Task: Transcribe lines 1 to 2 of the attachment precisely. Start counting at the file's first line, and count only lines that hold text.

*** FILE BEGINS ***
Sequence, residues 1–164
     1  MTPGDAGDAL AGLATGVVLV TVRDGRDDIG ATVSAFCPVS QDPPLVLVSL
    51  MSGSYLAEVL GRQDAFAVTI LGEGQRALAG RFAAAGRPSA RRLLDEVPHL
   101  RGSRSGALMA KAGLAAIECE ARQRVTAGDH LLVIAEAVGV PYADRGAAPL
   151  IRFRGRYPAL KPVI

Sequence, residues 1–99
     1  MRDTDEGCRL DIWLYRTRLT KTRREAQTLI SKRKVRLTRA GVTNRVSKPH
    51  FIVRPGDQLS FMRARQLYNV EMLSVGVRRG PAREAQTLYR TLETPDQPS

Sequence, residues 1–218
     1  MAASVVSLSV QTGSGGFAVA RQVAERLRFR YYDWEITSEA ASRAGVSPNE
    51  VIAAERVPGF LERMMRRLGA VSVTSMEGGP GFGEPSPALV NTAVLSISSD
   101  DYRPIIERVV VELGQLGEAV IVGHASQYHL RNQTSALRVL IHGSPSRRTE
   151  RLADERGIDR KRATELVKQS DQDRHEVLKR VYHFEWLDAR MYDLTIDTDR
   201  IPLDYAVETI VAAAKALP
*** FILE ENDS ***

Sequence, residues 1–164
     1  MTPGDAGDAL AGLATGVVLV TVRDGRDDIG ATVSAFCPVS QDPPLVLVSL